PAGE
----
Following months of impositions and bans, Huawei is officially letting go of the Honor brand to subvert the trade sanctions and let it resume operations sans the prohibitions. The announcement confirming the sale came this morning. The first reports of this split came earlier this month from China, stating that the global leader in smartphone shipments might actually go ahead with the move.
The announcement came in the form of a statement from Huawei, which shared further details of the deal. The new owner will be Shenzhen Zhixin New Information Technology Co., Ltd., and will acquire all the business assets. Honor’s employees and management will be retained. Huawei will no longer own any shares in the brand and will not participate in the management or decision-making. This could imply that Honor will now have to design smartphones from the ground up without the help or technology of its former parent.
大新闻来了，华为正式出售荣耀，收购方新公司智信新。可以看一下图二的股权架构，一共有三十多家代理商，荣耀内部团队基本不做变动，祝好吧。 pic.twitter.com/x5AP7E2aTUNovember 17, 2020
The statement further says that the acquisition represents a market-driven investment made to save Honor’s industry chain — consumers, channel sellers, suppliers, partners, and employees. It also says that it will be a major win for the industry.
All shareholders of the new Honor company will fully support the development of the brand, enabling it to leverage the industry’s advantages in resources, brands, productions, channels and services, and more effectively compete in the market.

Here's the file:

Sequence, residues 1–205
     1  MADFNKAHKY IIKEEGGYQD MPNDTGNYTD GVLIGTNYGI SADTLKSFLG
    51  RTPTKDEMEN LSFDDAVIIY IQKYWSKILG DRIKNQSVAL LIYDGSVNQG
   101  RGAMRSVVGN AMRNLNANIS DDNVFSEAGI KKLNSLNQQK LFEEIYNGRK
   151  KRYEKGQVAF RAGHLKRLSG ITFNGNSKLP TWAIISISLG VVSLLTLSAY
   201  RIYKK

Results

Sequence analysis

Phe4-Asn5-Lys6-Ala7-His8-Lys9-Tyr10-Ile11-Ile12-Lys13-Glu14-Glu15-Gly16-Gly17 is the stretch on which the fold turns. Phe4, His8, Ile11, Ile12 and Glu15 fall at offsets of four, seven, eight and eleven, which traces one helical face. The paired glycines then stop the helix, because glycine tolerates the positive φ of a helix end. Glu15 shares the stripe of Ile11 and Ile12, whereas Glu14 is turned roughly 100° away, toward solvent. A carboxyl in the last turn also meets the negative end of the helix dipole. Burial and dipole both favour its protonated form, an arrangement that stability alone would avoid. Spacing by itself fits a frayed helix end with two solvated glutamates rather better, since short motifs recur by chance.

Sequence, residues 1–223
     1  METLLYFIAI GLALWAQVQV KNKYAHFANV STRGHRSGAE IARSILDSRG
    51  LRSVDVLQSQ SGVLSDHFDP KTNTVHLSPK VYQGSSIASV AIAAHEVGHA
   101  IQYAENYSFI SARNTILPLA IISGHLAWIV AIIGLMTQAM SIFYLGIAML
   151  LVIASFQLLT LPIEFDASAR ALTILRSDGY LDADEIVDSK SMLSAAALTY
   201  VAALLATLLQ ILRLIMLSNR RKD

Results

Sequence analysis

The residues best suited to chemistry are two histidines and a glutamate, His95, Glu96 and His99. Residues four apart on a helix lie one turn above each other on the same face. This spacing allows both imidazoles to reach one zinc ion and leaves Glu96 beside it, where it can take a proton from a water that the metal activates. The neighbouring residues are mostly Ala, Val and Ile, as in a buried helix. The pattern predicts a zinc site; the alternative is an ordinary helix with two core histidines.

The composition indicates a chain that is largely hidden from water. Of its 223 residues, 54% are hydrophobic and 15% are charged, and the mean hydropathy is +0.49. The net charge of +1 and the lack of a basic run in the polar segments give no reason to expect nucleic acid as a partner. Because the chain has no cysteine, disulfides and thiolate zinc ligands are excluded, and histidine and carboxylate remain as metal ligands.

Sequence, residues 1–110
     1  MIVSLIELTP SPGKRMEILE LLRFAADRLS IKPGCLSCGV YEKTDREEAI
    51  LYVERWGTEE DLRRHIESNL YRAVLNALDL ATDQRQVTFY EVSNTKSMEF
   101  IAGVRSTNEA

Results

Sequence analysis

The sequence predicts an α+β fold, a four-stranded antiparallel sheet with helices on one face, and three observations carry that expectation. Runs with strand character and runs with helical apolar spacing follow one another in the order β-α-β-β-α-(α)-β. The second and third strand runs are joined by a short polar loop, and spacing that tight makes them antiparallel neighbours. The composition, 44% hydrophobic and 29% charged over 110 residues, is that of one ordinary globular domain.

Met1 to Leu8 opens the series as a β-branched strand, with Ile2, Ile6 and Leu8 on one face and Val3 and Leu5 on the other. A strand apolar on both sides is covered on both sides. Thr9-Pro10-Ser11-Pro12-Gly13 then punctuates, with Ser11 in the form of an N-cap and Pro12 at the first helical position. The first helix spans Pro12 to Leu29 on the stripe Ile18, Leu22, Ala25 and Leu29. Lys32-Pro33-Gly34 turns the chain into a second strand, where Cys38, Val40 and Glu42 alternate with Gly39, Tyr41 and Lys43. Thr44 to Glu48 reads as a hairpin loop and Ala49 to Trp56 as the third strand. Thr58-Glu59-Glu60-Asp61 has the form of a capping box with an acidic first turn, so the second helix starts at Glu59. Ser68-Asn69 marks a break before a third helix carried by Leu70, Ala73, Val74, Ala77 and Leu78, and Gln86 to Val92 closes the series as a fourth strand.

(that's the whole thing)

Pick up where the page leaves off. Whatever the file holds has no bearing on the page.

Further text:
The joint statement clearly mentions that the change in Honor ownership will not impact Honor’s development or the stability of its executive and talent teams. And, lastly, Shenzhen Zhixin says that as both investors, and agents and dealers of the new Honor company, it will follow market rules for fair transactions and will compete fairly for the same business opportunities as other brands in the market.
With this deal, Honor should be able to return to many smartphone markets that it had withdrawn from, as the impositions should not be applicable any more. The biggest win would be regaining the license to deal with American companies such as Qualcomm for chipsets and Google for Android, among others.
The announcement did not reveal the price of the deal or the new shareholding pattern. Previous reports suggested that it would be in the range of 15-25 billion yuan (Rs 1,700 cr – 2,800 cr).